The Secret Ingredient to Our Success
This week, Waggl announced that it has been recognized by Inc. Magazine as one of the Best Workplaces of 2018. This news comes on the heels of Waggl’s #15 ranking on the San Francisco Business Times/ Silicon Valley Business Journal’s list of Best Places to Work in the Bay Area.
Aside from these external validations, Waggl has achieved a number of notable milestones in the past year. In 2017, Waggl was used by more than 300 thousand employees at over 100 enterprise-class organizations, including UCHealth, City Electric Supply, Paychex, Ellie Mae, University of Utah, Apollo Education Group, BD, Juniper Networks, McGraw Hill Education and Heineken, among others. Our company grew its revenue by 87% last year, fueled by demand for our platform.
This seems like a great moment to reflect on what we are doing right, allowing us to attain initial success.
Design Thinking DNA
“Design creates culture. Culture shapes values. Values determine the future.”
Robert L. Peters, Graphic Designer and Educator
From the start, one of Waggl’s primary differentiators has been its strong roots in design thinking. As we founded Waggl, we continually asked ourselves, “What would it look like to build a company from the ground up with design thinking as a part of the DNA? What kind of impact could design thinking have on the strategic growth of a startup?” We’ve learned a few things along the way, and would love to share some of our perspectives.
4 key principles of design strategy, as applied to a growing startup
Waggl was born from the realization that employees deserve a vastly better user experience than they are typically getting in most organizations, and that leaders need a better way to surface insights from the people who work on the front lines. As we enter the fifth year of Waggl’s existence, we still keep employee experience at the forefront of our thinking at all times. And we’ve found that the principles of design thinking always apply, regardless of which industry we are operating in.
There’s quite a bit of literature out there on design thinking, but here are just a few of Waggl’s favorites:
- Deep empathy for the end user. Design thinking begins with developing a deep understanding of the needs of the end user — or in Waggl’s case, the employee. Once we defined our challenge, we set about trying to understand it better, diverging to pull in knowledge and experience from the disciplines of human resources, software development, and leadership coaching.
After completing a phase of initial research, we converged as a team to reframe the problem around Waggl’s stated mission: To elevate employee voice and enable everyone’s ideas to be heard. Today, we continue to collect deep field intelligence from our customers across a range of industries, from healthcare to manufacturing, financial services, education, government, consumer packaged goods, nonprofits, and more. This research and feedback loop helps us to continually refine and evolve our platform in order to make sure that we are serving our mission in the best possible way at organizations of all sizes.
- Willingness to experiment. In lieu of linear, top-down thinking, Waggl’s platform allows great ideas to come from anywhere in the organization. We practice what we preach by utilizing this same approach in the management and growth of our own company. Waggl uses its own platform to identify the “problem worth solving” and to come up with unique solutions to that problem. Applying divergent/convergent principles of design thinking, we continually explore, align, experiment, assess, iterate, and explore again. Our ability to communicate and align quickly on decision-making is what propels us forward, and what provides value to our customers, as well as our own employees.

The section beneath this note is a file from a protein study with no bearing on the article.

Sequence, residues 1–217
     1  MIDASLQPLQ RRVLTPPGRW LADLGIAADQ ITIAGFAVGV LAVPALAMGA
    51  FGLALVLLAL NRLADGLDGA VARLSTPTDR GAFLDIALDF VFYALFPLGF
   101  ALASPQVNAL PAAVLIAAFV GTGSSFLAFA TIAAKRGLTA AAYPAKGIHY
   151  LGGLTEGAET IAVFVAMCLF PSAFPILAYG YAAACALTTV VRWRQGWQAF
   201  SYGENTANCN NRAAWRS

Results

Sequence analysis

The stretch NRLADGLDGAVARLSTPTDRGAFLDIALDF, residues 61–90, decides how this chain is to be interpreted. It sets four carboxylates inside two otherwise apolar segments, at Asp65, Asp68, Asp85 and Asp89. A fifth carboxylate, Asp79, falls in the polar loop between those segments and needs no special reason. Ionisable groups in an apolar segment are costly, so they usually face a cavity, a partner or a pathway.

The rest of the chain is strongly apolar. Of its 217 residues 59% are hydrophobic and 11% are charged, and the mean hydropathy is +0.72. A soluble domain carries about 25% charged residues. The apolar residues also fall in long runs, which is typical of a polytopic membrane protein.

- Continual iteration. We are always open to trying new things. Sometimes we fail fast, other times, we succeed beyond our wildest dreams. Waggl enables and compels action through the insights the platform surfaces. More voices lead to diverse and impactful ideas. We continually test those ideas, evaluate the results, and refine as we go to improve our product, our processes, and our culture.
- Taking a holistic approach to problem-solving. Of all the core design thinking principles, this one resonates most deeply with me as a practitioner and senior leader. In the theory behind Systems Thinking, everything is connected. I can’t think of an instance where this is more evident than in defining the internal processes to grow and scale a company. Determining how to effectively communicate, collaborate and execute is a constant challenge. Rather than solve for this within a single function, we take the approach that our functions are inherently connected and therefore must operate because of — not in spite of — each other. We have developed routine and organic touchpoints that assess how effectively we are implementing against collective or specific objectives. We design processes to bolster connectivity — or deconstruct these processes when the structure is no longer useful. In the spirit of cross-discipline, we also strive to incorporate as many voices as possible in everyday work. It’s not always easy to work this way, but maintaining a healthy, connected tension between functions and projects means we spot issues, and frame opportunities as a holistic organization.
Do you want to learn how to apply design thinking to cultivate new solutions at your organization? Waggl can help by providing an easy and efficient way to surface actionable insights, drive informed decisions, and create alignment around common goals. If you are interested in learning more, please sign up for a demo today.
Alex Kinnebrew is Waggl’s Head of Strategy and Design.